If you sit in your house looking out a window at two neighborhood kids tossing a ball back and forth you might notice that when they throw the ball really hard they either make a big arc high above their heads or aim the ball right at each other. They never seem to throw the ball softly and straight at each other except when they want it to hit the ground and roll to the other kid.

Being of an acutely curious disposition, you get a marker and trace out the path of the ball on your window. You realize that though you now know what was the shape of the path of the ball, you are unable to say where it happened to be at each moment in time. You get clever, and use string to create a grid over the window so that each part of the window is boxed in by string.

+---+---+---+---+---+---+---+---+---+

| | | | | | | | | |

+---+---+---+---+---+---+---+---+---+

| | | | | | | | | |

+---+---+---+---+---+---+---+---+---+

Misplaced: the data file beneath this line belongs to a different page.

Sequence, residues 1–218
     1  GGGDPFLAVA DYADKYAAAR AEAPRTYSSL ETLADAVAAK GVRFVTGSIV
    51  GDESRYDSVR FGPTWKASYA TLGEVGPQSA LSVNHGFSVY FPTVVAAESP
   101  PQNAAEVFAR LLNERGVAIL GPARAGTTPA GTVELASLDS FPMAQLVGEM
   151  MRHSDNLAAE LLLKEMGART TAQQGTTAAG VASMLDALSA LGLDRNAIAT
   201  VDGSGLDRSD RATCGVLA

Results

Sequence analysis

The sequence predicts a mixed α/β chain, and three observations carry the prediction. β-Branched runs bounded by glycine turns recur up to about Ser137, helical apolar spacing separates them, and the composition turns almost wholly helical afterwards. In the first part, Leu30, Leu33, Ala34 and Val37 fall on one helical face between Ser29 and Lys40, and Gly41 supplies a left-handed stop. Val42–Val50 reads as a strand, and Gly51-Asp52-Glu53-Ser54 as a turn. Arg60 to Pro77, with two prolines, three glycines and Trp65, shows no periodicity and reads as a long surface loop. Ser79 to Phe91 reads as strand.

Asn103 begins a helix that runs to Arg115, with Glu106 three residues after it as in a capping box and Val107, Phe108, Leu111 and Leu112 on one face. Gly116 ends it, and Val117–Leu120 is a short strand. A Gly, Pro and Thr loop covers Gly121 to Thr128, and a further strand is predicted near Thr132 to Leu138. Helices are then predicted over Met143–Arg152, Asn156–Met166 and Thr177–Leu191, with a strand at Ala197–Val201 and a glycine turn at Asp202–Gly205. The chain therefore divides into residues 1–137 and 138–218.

| | | | | | | | | |

+---+---+---+---+---+---+---+---+---+

| | | | | | | | | |

+---+---+---+---+---+---+---+---+---+

| | | | | | | | | |

+---+---+---+---+---+---+---+---+---+

You get a metronome and each time it ticks you keep count and write the number of ticks you have heard in the box where the ball is at.

+---+---+---+---+---+---+---+---+---+

| | | | 2 | | | | | |

+---+---+---+---+---+---+---+---+---+

| | | 1 | | 3 | | | | |

+---+---+---+---+---+---+---+---+---+

| | | | | | | | | |

+---+---+---+---+---+---+---+---+---+

| | | | | | | | | |

+---+---+---+---+---+---+---+---+---+

| | 0 | | | | 4 | | | |

+---+---+---+---+---+---+---+---+---+

You decide to put this data into a table so that you can make more observations. You quickly realize that you have to label the rows and columns in order to transform your figure into a table.